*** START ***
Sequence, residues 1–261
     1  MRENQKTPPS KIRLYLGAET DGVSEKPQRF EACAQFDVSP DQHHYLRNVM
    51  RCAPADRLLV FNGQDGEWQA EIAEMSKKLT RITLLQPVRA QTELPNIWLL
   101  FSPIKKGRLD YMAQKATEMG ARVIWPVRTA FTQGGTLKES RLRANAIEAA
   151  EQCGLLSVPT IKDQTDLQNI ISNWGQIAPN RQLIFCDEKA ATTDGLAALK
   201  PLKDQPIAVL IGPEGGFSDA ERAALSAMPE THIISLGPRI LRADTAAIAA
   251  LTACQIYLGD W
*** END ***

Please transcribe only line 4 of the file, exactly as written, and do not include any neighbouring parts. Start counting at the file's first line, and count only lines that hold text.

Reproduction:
   101  FSPIKKGRLD YMAQKATEMG ARVIWPVRTA FTQGGTLKES RLRANAIEAA